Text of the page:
Thursday, February 28, 2008

dcallen - The Main Intermezzo

Hear The Track Here

Last, but not least, dcallen. Not yer average tail end Charlie though; an artist that 'makes electronic music for people who don't like electronic music' and I'd say that was dead on. I've been a fan for years, the testament being the amount of this artists tracks I have cluttering up me various hoardy things (Ed: I think he means hard drive(s)). Long time member of Soundclick and one of its most successful exponents concerning the old bleepery (Ed: I think he means electronica. I'll get him at the next para...) dcallen was absent for a while but reappeared here in the middle of the year. If you think you know what electronica sounds like, I'm absolutely certain this artists intrepretation will change your mind as it has for some many others (including yours truly).

Ahh, but that was then and this is now.

He's always been a bit of a flash git (Ed: sigh. He means someone smarter than he is) on the musical front, and that's why he has become so well known. dcallen does like to challenge himself and - surprisingly enough - I can't remember all that many times when he didn't deliver over and above. Alongside some stunning tunes ( of which Intermezzo is one btw) Dave (for it is he) also puts ENORMOUS effort into getting everything to sound just so. For me, and a great many of his other fans, it's that attention to audio fidelity that singles this artist out.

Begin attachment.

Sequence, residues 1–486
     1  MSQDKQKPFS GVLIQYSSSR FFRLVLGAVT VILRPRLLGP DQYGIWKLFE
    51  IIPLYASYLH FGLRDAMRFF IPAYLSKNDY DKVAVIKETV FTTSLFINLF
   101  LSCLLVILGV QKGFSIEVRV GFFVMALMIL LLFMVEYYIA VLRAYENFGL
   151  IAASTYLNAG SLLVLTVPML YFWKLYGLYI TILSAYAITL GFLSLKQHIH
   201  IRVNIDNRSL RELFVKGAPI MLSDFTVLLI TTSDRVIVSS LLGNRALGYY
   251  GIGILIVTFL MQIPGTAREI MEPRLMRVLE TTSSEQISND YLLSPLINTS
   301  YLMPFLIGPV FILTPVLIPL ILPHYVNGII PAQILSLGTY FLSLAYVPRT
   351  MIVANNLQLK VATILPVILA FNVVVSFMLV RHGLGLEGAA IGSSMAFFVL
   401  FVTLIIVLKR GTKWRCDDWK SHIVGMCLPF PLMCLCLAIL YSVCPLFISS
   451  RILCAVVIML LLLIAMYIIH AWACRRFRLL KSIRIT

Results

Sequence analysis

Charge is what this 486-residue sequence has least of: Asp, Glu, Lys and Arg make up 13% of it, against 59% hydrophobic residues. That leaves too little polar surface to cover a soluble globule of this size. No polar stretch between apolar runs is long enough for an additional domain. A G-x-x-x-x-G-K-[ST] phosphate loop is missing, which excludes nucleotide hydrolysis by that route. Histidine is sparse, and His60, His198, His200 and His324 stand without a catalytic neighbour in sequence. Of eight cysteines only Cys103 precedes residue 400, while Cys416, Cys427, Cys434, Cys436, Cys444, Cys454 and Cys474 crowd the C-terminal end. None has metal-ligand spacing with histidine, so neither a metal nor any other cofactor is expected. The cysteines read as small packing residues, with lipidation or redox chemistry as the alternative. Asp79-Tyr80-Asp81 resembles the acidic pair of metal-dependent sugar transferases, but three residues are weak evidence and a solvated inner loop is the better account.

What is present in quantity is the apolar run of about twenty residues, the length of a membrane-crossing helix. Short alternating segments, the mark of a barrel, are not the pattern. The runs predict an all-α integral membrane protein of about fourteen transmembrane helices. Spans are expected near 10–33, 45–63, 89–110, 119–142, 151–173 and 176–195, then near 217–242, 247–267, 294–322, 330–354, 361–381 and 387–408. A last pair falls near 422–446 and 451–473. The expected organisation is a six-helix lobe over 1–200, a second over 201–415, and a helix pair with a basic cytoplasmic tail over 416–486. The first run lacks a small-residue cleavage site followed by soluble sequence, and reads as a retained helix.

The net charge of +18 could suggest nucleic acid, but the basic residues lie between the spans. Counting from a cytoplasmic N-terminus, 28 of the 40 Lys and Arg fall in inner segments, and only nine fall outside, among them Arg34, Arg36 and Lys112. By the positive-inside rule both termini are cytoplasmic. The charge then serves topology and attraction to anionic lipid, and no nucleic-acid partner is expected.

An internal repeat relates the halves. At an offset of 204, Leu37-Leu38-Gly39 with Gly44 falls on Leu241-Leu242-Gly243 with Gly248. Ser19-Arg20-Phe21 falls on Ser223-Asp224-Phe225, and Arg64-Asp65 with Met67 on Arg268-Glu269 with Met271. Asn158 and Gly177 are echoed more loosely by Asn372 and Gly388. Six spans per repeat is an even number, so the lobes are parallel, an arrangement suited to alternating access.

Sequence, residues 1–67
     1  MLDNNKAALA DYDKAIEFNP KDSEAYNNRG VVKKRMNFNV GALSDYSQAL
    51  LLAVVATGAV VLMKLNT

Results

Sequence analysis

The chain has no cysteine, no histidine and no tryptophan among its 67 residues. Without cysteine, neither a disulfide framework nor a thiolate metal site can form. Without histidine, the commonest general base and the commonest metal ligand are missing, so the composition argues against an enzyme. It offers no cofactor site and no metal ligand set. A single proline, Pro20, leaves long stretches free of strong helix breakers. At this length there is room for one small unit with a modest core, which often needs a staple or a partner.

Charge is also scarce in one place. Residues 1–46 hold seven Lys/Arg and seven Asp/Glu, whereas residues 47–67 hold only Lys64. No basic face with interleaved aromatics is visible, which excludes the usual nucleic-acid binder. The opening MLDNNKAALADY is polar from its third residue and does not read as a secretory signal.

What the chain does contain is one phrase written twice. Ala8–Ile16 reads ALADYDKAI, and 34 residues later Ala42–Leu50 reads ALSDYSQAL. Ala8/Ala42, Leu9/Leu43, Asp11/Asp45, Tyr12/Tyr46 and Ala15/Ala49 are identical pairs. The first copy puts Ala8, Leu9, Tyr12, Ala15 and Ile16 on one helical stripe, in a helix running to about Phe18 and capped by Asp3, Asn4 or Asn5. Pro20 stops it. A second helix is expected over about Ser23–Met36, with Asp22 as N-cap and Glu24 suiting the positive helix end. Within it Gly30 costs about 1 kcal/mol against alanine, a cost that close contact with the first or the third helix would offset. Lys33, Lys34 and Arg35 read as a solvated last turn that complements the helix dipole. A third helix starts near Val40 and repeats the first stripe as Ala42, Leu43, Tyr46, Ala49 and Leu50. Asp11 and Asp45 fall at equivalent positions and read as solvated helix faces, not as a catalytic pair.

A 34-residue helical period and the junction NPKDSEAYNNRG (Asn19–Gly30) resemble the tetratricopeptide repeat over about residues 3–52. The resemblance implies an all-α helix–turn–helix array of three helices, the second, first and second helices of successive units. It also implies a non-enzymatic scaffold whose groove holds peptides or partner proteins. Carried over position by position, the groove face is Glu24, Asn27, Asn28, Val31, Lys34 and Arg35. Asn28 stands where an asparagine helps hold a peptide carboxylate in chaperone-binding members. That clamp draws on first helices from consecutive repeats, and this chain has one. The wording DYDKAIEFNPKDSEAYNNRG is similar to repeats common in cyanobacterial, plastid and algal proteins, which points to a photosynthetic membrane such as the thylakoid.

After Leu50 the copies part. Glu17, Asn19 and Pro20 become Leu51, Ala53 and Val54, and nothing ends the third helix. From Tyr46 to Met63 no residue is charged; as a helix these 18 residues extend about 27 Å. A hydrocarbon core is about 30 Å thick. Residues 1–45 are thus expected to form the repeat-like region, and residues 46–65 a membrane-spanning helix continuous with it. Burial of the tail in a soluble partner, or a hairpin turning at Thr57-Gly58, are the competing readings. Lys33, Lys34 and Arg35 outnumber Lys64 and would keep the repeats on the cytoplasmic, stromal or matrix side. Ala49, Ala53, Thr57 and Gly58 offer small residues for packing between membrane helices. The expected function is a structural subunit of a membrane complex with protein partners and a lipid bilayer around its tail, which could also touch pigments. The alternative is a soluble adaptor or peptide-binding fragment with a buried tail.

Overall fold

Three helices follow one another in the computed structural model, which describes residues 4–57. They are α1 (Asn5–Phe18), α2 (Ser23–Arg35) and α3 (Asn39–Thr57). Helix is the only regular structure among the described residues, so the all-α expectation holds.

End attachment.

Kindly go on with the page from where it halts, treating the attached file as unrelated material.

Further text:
Obviously then, The Main Intermezzo is a bit of an ear cuddler, and it's a lot more electronica than other works by this artist. It's a tough, hard edged almost electro-pop style that dcallen effortlessly pours melodies into like a man possessed. Like a great many truly original artists these days(especially on Soundclick), dcallen makes a point of saying that he is only doing this for fun, but the amount of work and effort that goes into making each track tells a different story. Love for the music will do that inspirational thing every time I say. Go on, get spoiled and wallow in a bit of what does you good.

Wide screen magic. MUST HAVE electronica.

Rw B-More - Lets Dance Ft Hassan

Hear The Track Here

Hot on the heels of one NYC hip hop artist on the list this month (4th Down Records) along comes Rw B-More, an Elmira NY based rapper. Although he spends some time bigging himself up on his page, his comments on how the music came about are surprisingly blank. Is this hand made? Home produced? In some ways it sounds like it, but in others not. For example, the main musical track, in itself, is pretty reasonable and sounds well made; the contrast between that and the vocals couldn't be starker. The positioning of these two tracks (4th Down and Rw B-More) back to back was sheer chance, but it highlights perfectly what works in hip hop and what doesn't.

Just in case I was in danger of having me ears run away with me, I listened to a couple of other tracks on his page before writing this review and it only confirmed my opinion. On other tracks he doesn't seem to make some of the obvious mistakes, and could well be a decent rapper. Let's Dance doesn't try real hard to get you to do just that, in fact the beat is kinda pedestrian. It is lightened whenever the main vocal enters the picture, and that is the part I am questioning most about its origins.

Wtf does it matter? I hear you ask.